There is room for a further sell-off in emerging market currencies, warns Macelo Assalin, lead portfolio manager at ING Investment International, as
Assalin, who is part of the emerging market debt local currency strategies team, highlights Turkey, India, Brazil, South Africa and Indonesia as particularly vulnerable.
“Rising US rates pose a significant additional challenge for these countries when trying to attract the portfolio inflows needed to finance their external accounts, and can also face significant outflows should market conditions worsen,” he says.
“Therefore, a further sell-off cannot be ruled out.”
Despite these risks, Assalin says the forthcoming reduction in the pace of bond purchases by the Federal Reserve in the US is “reasonably well anticipated”. He predicts that US treasury yields are likely to rise more gradually.
“In turn, some emerging market currencies that sold off aggressively on the back of the recent spike in US yields should stabilise in the near term,” he adds.
Assalin says there has been “selling pressure” in the US dollar – a result of extremely low interest rates in much of the developed world – which has triggered massive inflows into emerging markets.
As US yields increased, emerging markets have been hit by significant outflows. Assalin says this has weighed on investor sentiment, adding that demand for hedging has increased.
“In the light of the very difficult market environment and extremely uncertain backdrop, we prefer to keep risk allocation in our portfolio to a minimum,” he says. “We have very little directional exposure to [emerging market] currencies at this point, and prefer to express our views in that space through relative value trades.”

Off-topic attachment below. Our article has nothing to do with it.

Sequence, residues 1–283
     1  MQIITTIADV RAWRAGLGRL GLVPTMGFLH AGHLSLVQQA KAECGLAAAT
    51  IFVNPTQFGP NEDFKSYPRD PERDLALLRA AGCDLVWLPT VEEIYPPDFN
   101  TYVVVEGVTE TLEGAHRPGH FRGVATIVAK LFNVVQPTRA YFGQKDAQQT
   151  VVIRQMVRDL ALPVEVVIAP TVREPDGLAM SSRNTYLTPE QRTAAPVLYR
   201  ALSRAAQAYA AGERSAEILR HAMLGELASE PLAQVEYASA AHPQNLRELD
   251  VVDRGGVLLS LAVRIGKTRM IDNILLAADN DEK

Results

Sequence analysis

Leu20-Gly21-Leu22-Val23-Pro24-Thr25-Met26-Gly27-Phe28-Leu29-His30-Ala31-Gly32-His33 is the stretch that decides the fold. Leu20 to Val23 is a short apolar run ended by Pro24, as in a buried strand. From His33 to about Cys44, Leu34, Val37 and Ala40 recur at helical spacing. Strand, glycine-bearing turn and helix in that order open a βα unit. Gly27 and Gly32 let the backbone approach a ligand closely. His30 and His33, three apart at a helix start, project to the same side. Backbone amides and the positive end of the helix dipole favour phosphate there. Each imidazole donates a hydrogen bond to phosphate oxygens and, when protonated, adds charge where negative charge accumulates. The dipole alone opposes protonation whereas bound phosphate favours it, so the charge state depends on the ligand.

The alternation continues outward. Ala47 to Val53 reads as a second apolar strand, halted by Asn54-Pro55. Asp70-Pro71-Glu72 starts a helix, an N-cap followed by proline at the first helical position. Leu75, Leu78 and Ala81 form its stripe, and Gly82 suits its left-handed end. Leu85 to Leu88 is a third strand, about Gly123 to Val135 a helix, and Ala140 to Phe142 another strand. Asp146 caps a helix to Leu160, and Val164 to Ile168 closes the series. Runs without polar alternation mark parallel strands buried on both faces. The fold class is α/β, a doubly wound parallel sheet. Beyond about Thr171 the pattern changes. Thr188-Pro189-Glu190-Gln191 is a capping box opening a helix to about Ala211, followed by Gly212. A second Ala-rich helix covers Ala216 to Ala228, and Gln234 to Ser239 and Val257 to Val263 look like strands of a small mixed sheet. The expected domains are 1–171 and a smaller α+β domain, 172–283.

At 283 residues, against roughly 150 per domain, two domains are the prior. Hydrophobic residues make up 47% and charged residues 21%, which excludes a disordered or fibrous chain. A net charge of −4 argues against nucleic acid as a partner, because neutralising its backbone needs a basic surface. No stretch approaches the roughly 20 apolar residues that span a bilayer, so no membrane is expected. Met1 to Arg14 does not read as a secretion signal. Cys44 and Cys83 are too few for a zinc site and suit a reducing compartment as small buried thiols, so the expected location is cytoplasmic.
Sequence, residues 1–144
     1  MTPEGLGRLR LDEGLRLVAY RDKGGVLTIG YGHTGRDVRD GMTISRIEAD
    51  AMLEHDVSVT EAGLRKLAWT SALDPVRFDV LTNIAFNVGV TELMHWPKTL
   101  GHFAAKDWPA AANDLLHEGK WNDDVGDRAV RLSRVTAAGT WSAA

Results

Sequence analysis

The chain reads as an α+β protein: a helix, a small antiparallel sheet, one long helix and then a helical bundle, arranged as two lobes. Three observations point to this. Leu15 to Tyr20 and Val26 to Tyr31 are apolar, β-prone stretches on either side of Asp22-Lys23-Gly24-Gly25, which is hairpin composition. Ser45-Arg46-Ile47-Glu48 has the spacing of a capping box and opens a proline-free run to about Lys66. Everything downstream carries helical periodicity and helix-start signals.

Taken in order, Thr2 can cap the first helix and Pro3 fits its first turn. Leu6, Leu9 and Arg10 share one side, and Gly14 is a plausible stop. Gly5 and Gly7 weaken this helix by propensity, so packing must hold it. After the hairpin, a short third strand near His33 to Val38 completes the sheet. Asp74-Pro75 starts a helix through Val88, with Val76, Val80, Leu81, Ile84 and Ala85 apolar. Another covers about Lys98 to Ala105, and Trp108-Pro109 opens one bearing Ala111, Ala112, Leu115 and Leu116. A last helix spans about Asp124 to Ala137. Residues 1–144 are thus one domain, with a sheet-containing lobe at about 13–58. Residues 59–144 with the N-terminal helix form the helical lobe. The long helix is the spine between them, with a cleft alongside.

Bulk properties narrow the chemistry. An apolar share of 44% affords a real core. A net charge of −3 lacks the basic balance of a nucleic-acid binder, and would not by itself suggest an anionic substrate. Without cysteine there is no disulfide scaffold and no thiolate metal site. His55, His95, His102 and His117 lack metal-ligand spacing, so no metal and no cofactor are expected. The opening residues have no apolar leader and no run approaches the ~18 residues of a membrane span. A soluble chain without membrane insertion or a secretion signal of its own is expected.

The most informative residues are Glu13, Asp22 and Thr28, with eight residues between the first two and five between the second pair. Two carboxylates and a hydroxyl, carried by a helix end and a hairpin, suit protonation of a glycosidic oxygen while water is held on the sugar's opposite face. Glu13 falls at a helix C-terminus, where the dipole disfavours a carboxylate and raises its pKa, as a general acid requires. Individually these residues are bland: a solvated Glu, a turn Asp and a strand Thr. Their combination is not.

Concerns are increasing over the current shutdown in the US, the potential effects on the largest economy in the world and its knock-on effects on other markets. The US faces a technical default if Democrats in the White House and Republicans in Congress do not agree on a budget by October 17.
Clear Currency issued a market commentary by Peter O'Flanagan, head of trading, today in which it says that “as the clock ticks down, fear and uncertainty are likely to lead towards larger risk aversion during the week”.
O'Flanagan predicts that markets will remain volatile to news flow on the topic of the US shut down and major foreign exchange crosses, particularly for the dollar, have the potential for “some shock movements”.
Over the weekend, both the International Monetary Fund and the World Bank have highlighted the risks of the global environment, should US policymakers not come to some form of agreements.
As the debt ceiling in the US approaches a deadline, O'Flanagan says it is likely the dollar will strengthen against emerging market currencies.
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